Cameras and tape recorders -- a more common sight in court
Smile, you're on TV. This advice - or warning - could be given to an increasing number of judges, attorneys, defendants, witnesses, and even jurors, as more court systems allow reporters to use cameras and tape recorders to cover trials.
Thirty-six states have opened some of their courts to television, radio, and photographic coverage. Most of these states have acted on this issue within the past four years. Similar moves are being weighed in five other states.
In addition, a special panel of judges is being formed to explore the possibility of lifting the ban on cameras and sound recorders in federal courtrooms. This group is expected to make recommendations by late next winter to the Judicial Conference of the United States, which governs the operation of the federal court system. The conference is chaired by US Chief Justice Warren E. Burger and comprises the presiding judges of each of the federal appeals courts and district courts in the United States.
It may be several months before the task force holds its first meeting. But those who seek to open federal court trials to newspaper photographers and the electronic media say they have a strong case.
''The news media obviously can do a better job if they are permitted access to the courts,'' maintains Larry Scharff, the Washington attorney representing the Radio-Television News Directors Association, one of 28 organizations petitioning the judicial conference for the rule change.
Backers of the change won't speculate on whether the panel will allow reporters to use cameras and sound recorders in federal courtrooms. But supporters of the petition, filed in March, say they are encouraged by ''steady progress'' in opening up state courts.
The American Bar Association no longer is solidly opposed to camera and sound recorder coverage of trials as it had been for some 45 years. But instead of endorsing such coverage, the organization's new canon, adopted at its annual convention last August, specifies conditions under which a judge may permit taping.
When such coverage is authorized, it must be ''consistent with the right to a fair trial,'' and conducted ''in an unobtrusive manner which will not distract or otherwise adversely affect witnesses or other participants'' or ''interfere with the administration of justice.''
Opponents of the idea are concerned that cameras, microphones, and other picture or sound equipment could give courtrooms a circuslike atmosphere, with trial participants becoming performers. They say jurors and witnesses could be distracted from trial activity, which might work to the disadvantage of the principals in the case.
But boosters of broadcasts from the courtroom say that with proper guidelines there should be no problems. Opening courts to cameras and tape recorders, they contend, is important not only for news coverage, but it also can be used to educate the public about judicial proceedings.
Timothy Dyk, an attorney for CBS, notes that because of the ''revolution in technology of cameras and audio equipment'' in recent years, TV cameras are smaller now and often require no extra light.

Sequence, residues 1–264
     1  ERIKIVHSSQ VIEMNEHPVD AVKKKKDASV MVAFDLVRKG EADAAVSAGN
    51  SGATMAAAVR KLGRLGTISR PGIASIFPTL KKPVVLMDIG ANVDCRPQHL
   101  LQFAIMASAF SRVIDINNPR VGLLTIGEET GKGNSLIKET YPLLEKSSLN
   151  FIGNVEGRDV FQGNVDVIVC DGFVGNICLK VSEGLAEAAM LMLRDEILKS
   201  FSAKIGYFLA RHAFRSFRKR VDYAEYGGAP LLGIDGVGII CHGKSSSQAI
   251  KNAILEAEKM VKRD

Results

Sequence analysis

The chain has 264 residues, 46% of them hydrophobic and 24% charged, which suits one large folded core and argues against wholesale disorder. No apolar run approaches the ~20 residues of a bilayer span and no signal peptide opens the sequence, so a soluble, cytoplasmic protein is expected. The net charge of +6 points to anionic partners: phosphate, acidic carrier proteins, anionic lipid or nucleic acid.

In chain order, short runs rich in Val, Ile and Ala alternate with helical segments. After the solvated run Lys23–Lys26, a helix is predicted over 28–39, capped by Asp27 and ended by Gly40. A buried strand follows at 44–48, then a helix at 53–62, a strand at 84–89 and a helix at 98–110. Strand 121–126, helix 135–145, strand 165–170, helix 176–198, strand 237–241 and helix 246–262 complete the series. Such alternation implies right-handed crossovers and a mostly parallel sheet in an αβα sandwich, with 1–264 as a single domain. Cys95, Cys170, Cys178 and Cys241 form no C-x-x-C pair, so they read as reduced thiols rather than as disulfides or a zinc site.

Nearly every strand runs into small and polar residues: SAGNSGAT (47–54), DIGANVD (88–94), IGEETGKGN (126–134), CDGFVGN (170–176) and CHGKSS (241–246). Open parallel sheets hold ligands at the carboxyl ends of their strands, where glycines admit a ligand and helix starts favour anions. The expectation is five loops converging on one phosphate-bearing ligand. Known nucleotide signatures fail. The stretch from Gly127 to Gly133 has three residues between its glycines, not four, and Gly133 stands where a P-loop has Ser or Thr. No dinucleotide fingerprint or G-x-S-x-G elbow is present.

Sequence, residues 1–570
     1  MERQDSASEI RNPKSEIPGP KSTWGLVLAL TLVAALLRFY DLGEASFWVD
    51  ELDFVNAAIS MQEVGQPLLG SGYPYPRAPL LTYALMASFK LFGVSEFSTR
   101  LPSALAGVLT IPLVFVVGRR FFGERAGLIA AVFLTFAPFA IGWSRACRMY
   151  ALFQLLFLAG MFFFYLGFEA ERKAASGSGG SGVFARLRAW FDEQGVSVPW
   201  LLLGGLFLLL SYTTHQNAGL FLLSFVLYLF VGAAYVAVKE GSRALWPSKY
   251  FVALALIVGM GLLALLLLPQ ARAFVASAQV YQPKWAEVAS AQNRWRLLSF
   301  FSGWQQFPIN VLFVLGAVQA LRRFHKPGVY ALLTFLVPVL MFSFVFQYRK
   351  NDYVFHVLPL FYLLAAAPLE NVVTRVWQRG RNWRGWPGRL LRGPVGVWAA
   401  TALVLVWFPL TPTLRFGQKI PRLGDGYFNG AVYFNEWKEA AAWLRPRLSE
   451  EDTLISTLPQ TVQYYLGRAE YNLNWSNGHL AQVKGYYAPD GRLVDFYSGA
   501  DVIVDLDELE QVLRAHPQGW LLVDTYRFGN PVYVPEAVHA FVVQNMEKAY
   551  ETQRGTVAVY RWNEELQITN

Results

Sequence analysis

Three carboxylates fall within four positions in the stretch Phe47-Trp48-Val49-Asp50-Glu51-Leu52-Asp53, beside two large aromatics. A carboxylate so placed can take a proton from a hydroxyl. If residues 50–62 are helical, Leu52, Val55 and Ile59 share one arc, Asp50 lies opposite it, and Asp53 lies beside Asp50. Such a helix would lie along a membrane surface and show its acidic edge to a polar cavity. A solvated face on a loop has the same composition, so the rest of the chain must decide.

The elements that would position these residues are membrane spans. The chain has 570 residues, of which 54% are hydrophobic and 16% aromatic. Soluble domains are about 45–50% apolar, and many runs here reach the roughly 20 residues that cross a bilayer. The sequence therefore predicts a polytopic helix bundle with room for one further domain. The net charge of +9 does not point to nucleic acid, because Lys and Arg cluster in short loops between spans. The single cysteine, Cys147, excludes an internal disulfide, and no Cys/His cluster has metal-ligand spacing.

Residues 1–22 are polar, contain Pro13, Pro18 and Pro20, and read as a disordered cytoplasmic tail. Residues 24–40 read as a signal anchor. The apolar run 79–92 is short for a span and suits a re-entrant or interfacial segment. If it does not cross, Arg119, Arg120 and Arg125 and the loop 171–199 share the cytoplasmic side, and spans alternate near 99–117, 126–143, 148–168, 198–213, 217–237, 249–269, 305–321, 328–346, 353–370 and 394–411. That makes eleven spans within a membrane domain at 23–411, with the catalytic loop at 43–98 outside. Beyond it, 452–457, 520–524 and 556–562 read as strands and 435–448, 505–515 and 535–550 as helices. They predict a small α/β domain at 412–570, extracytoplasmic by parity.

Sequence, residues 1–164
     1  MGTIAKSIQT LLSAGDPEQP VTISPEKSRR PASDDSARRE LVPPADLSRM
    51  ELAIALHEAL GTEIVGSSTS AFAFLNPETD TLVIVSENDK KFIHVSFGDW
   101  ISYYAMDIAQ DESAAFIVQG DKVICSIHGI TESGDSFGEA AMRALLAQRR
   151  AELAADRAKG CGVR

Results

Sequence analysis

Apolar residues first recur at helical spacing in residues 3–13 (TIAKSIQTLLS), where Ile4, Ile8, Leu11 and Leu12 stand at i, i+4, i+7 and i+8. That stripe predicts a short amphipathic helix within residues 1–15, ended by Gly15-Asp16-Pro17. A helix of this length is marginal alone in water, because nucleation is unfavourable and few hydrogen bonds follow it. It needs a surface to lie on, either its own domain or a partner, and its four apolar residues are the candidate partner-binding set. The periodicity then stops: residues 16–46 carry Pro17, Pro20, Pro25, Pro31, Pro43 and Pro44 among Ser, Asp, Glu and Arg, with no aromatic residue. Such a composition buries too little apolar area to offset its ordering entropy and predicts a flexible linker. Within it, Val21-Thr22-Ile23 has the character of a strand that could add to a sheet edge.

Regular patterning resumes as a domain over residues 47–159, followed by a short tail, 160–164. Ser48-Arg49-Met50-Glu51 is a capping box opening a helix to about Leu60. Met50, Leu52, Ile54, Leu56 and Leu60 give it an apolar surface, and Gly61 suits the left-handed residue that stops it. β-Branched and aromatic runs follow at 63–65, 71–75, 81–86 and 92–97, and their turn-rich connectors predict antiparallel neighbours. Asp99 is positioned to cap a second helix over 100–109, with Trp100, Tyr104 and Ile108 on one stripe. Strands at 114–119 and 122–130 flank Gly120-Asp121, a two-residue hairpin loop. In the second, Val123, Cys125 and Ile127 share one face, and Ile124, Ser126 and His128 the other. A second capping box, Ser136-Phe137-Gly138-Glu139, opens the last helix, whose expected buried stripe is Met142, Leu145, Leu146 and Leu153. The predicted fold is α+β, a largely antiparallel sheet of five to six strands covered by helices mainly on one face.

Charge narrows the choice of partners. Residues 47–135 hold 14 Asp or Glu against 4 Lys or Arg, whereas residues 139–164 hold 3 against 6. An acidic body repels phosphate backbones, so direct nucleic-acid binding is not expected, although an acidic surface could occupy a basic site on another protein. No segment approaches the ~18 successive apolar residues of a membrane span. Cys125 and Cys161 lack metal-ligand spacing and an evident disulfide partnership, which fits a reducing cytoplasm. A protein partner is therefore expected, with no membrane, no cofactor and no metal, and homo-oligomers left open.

''We've not had any complaints about the television or radio coverage of trials since it began here about three years ago,'' says John F. Burke, administrative assistant to the Massachusetts Supreme Judicial Court.
Court officials in other states where the use of cameras and sound recorders is allowed during trials generally report satisfaction with the practice.
William Mann, assistant to the Chief Justice of the Wisconsin Supreme Court, says the system is ''working very well.'' He notes that what began as an experiment in July 1979 has become permanent.
Although only a small fraction of state court trials attract on-the-spot television or radio attention, those of greatest public interest have had extensive daily coverage.
During the past 18 months, provisions for TV, radio, and still-photo coverage have begun or have been extended on a permanent basis in 14 states: Arkansas, Connecticut, Delaware, Iowa, Kansas, Maine, Maryland, Massachusetts, Nebraska, New Mexico, North Carolina, Ohio, Oklahoma, and Oregon.
In Oregon, where still-photo and electronic news media coverage will be restricted to the state's supreme and appellate courts, boosters of the move, like Bill Swing, news director of Portland's KPTV, hope ''this breakthrough'' will open doors in trial courts.
As in most other places where such operations are permitted, state court regulations restrict coverage to one TV camera and one newspaper photographer in fixed, inconspicuous positions in the room. TV and radio stations and newspapers and magazines wishing to cover the proceedings must pool their film and tapes.
In almost all states where TV and radio coverage is allowed, the presiding judge has the final say as to whether it is to be permitted and under what circumstances. In many instances, advance written consent from attorneys and their clients is required.
Many judges exclude cameras or tape recorders when covering trials involving juveniles, sex crimes, and criminal informers, says John Rockwell of the National Center for State Courts. In some courts filming jurors is prohibited, as are bench conferences between opposing attorneys and the judge, he adds.
Besides the 37 states that now have experimental or permanent provisions for TV, radio, and still photo coverage in courts, Louisiana and Nevada have tested the arrangement but have not extended it or made it permanent. In addition, Texas permits sound recording of certain court action but not TV or newspaper photography. Utah allows still photographers, but no TV or radio recording.
Besides those mentioned, only nine states - Hawaii, Illinois, Indiana, Michigan, Mississippi, Missouri, South Carolina, South Dakota, Vermont, and Virginia - prohibit all camera and tape recording in court.